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Tribunal rules third-party harassment must pertain to 'protected characteristic'

Workers can sometimes experience harassment from third parties such as clients or visitors, and it is the employer's duty to protect their employees in such cases. Failure to take reasonable steps to deal with third-party harassment of staff can leave employers open to tribunal claims.

Protection from third-party harassment was enshrined in law by the Equality Act 2010, which makes employers potentially liable for third-party harassment in circumstances where:

  • harassment has occurred on two previous occasions, not necessarily from the same third party
  • the employer is aware that this has happened
  • the employer has not taken reasonable steps to prevent it from happening again.

To date, few third-party harassment cases have come to tribunal and it remains to be seen how they will be handled in the long term. However, in a recent case which was dismissed at tribunal, the judge confirmed that acts of third-party harassment must relate specifically to a protected characteristic, such as age, disability, race, religion or belief and sex, setting a precedent for future claims.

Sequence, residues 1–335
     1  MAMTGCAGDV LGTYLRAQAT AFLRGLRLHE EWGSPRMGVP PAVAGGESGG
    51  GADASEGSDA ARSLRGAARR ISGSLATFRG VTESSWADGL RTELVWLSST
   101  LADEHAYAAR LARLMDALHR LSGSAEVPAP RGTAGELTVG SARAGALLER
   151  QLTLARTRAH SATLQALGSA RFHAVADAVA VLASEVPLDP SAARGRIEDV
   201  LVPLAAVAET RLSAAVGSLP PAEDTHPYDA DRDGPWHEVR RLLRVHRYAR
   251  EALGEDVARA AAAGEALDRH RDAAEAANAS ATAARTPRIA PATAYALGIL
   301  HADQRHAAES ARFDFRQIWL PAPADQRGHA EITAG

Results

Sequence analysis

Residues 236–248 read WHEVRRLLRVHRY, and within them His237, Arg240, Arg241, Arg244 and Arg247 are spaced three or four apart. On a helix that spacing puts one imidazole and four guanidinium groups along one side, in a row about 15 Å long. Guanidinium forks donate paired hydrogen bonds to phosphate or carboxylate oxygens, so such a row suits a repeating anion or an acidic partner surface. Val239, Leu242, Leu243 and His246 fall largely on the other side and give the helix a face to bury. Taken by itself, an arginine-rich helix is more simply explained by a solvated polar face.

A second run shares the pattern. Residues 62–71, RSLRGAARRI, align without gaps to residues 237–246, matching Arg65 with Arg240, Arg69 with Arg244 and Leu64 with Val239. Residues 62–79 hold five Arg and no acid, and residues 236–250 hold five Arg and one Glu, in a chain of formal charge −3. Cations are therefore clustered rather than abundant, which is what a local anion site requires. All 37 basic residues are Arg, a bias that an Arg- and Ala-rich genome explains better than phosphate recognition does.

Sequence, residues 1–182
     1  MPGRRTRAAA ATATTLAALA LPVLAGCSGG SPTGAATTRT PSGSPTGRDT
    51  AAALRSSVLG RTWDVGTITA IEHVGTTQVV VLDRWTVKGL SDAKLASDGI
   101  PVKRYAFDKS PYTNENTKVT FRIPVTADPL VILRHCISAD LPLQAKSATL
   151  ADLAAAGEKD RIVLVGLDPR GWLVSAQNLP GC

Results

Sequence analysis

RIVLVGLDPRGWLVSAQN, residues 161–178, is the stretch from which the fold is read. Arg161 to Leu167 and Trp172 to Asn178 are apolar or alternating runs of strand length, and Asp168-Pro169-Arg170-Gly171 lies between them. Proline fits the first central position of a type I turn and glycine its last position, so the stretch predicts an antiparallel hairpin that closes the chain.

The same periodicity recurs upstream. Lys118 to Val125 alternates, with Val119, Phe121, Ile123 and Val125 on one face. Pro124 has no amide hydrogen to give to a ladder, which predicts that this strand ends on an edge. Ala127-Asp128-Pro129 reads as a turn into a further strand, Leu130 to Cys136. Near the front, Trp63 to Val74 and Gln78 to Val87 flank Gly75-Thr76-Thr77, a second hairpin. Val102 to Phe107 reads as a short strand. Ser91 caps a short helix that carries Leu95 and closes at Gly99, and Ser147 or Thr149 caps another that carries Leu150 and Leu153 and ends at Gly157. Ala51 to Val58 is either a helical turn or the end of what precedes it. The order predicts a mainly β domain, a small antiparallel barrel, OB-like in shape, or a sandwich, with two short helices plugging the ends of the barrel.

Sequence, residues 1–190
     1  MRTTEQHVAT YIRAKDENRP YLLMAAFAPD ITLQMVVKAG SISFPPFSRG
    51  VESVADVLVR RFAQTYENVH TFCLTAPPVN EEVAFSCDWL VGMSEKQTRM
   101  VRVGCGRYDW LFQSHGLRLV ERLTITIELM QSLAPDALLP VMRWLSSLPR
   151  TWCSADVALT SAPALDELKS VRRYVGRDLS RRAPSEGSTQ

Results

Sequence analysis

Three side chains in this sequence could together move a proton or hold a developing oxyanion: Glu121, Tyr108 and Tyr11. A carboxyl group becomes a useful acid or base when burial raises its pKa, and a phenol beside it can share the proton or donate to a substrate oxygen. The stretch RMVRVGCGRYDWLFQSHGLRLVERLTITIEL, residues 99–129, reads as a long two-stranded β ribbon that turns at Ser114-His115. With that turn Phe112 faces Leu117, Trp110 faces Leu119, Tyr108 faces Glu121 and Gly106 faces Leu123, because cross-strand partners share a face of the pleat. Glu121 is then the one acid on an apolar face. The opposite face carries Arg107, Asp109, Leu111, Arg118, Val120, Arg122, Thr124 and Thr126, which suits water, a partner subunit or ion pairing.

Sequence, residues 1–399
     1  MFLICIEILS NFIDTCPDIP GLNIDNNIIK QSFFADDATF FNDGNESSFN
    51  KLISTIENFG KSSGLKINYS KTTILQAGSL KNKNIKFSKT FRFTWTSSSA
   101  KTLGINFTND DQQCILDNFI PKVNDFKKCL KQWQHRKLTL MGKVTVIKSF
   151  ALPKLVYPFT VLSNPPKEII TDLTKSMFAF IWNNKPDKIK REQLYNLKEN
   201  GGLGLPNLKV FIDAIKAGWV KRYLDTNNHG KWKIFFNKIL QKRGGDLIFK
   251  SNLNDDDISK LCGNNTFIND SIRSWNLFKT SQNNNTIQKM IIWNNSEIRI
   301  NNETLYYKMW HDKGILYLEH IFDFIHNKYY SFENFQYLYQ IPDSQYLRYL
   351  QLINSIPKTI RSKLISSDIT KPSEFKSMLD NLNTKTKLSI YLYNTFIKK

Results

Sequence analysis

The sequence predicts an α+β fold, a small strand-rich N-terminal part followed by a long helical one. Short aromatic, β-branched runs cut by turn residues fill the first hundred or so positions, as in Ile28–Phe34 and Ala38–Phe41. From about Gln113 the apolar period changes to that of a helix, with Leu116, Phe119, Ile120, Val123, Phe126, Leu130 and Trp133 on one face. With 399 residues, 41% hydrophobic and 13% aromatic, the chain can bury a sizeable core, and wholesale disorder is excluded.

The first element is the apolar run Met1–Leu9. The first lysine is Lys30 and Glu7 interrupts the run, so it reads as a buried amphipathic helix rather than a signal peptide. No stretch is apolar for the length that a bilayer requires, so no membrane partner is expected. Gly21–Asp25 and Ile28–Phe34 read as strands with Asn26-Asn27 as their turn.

Employers need to take steps to ensure that their harassment policies take into account protection from harassment from third parties. Acas provides training in dealing with bullying and harassment in the workplace and can help you develop effective solutions for your organisation. Acas also have produced the pdf icon Advice leaflet - Bullying and harassment at work: a guide for managers and employers [172kb].

Visit the Acas training and business solutions area for more information.

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